Throughout the winter months I have been compiling a list of
'finishing touches' that I wanted to do to my Libra in the nicer weather.
People have often said to me that you never finish building a kit car!
Below are the latest changes:
The first track day that I took the Libra too in February 2005,
I failed the noise test on the gate. Not a particularly good start!
I made up this silencer box from a cheap Astra centre silencer. The car is
just under 100 dB at 4500 RPM now.
When I initially set the car's suspension geometry I used
parallel strings along each side of the car. I found this took a very long
time to set the strings up and then wasn't particular accurate trying to take
measurements from them. I made up this 'setup bar' which touches the front
hub and the rear suspension brackets. It is very quick to set the bar up and
easy and accurate to set the car up with it.
When I received the new style instruments from GTM I was disappointed
that they had stopped supplying an oil pressure gauge. I was initially
going to fit a gauge pod under the radio and just fit an oil pressure and oil
temperature gauge. Whilst I was looking for gauges I found one that
incorporated a rev counter, water temperature, oil pressure and oil temperature
gauge. It also has a remote shift light which I have fitted to the top of
the dashboard. Very handy for track days. The second rev counter is
handy too as the steering wheel obstructs part of the dash mounted one.
To record the action on track days, I found this very neat
bullet camera and multimedia recorder. The camera and microphone are
mounted on the rear bulkhead between the seats. The recorder sits in the
glove box and is powered from the cigarette lighter.
The person who trimmed my car was supposed to be a professional,
but he made a terrible job of the top dashboard cover. Twice he attempted
it, but it was dreadful. I've now re done it myself and it is how it
should be! I wish I'd done all the trimming myself now.
I wasn't very impressed with the windscreen washer jets.
How ever much you moved the nozzle they seemed to either spray over the car or
just hit the wiper blade. I've now fitted 'spray bars' from a Peugoet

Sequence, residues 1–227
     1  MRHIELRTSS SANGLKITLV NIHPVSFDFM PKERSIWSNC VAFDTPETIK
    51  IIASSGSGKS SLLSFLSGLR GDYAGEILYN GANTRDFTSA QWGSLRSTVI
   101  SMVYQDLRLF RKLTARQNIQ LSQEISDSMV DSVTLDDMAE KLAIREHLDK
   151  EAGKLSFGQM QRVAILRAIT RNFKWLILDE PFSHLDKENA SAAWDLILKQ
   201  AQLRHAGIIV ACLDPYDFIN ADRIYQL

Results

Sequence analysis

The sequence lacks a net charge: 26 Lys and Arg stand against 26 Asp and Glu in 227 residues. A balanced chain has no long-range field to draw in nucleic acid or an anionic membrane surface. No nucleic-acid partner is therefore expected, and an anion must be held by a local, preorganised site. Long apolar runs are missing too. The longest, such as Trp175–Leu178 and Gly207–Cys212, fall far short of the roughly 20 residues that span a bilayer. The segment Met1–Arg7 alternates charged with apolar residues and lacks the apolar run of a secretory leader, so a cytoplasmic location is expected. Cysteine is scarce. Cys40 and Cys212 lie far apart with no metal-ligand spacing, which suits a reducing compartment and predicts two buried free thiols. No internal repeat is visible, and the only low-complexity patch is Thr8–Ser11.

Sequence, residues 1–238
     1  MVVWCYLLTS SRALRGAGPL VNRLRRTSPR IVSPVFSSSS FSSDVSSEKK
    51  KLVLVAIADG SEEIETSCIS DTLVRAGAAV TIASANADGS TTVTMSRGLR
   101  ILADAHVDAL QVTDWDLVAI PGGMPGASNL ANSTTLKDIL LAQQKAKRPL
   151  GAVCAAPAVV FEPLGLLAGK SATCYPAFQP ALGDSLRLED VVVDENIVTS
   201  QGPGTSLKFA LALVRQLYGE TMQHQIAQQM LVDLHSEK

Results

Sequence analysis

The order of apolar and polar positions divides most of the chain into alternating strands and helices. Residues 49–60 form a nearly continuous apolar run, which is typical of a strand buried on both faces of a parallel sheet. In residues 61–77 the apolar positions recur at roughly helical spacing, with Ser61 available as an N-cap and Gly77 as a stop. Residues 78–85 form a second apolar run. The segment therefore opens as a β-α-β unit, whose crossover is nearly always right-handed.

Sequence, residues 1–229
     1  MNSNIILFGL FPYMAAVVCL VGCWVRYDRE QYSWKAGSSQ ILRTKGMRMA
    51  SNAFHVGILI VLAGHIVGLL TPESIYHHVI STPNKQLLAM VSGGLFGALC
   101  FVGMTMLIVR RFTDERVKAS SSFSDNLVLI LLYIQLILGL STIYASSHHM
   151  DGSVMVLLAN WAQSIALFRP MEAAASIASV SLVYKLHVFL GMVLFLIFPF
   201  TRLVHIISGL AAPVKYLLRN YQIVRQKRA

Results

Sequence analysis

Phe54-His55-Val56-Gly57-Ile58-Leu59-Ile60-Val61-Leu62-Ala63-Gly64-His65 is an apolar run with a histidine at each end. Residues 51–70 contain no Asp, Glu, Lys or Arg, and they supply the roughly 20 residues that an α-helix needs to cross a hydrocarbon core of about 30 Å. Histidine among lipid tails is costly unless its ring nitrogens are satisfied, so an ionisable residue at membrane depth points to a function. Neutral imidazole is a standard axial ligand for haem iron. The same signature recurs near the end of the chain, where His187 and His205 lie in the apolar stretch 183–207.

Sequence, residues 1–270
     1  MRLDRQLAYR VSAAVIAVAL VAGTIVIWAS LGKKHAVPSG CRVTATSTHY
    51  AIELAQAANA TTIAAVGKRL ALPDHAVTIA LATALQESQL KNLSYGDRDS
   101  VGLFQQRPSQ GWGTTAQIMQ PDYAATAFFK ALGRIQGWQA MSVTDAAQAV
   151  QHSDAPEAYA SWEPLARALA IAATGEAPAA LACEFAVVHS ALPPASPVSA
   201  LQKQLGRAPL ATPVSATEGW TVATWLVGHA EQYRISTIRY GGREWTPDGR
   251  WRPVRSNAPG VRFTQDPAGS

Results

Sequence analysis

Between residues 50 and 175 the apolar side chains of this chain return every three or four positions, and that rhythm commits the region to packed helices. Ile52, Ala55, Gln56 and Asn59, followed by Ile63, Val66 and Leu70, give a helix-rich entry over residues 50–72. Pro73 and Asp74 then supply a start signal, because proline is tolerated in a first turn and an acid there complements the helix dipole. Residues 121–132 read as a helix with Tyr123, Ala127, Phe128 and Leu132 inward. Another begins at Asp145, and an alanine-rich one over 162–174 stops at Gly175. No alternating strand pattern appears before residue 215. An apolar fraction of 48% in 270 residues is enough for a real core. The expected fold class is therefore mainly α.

405. This bar has about 4 holes along its length and clips over the wiper
arm. This way it always directs water just in front of the wiper
blade. I'm very impressed with these and they are such a simple upgrade to
I've still got the mint condition1400 engine in my garage.
I'm undecided what to do with it. Sell it, or keep it for my next project!
I always thought the head light covers needed something to
finish them off. I also didn't like the way they were screwed on as water
can get in and it is very easy to crack the covers. I had a go at bonding in the
covers in. I experimented with the thickness of the black band I painted round them first. I tried the whole width of the overlap at first but it was too much and had a kind of panda eyes look. I've settled for this narrow band. I think it really
finishes them off nicely. I've always thought that just left clear it doesn't look quite right. It's also a nice width to cover up the bond.
I've silconed around the back of the lights to hopefully stop any stones getting in. For the bond I was going to use Sikaflex, but 1) I was worried about making a mess when it all squidged pressing the covers into place and 2) it'll never come off if anything did manage to get in there.
I believe the stuff I used is called Tremco. Windscreen fitters used to use this stuff before they had the sikaflex style stuff they use now. It comes in a big roll as shown below and you just cut a length and simply just press it in. It is as strong as a sikaflex bond, but it has the beauty of not being messy to use. It also never fully sets, so it is possible to pull the covers off. It very strong stuff but not impossible to get off.
I heated the covers up first to mould them to the proper shape of the body. That would also be worth doing if you were going to screw the covers down, as you'll have less chance of cracking the covers if they sit properly on the car.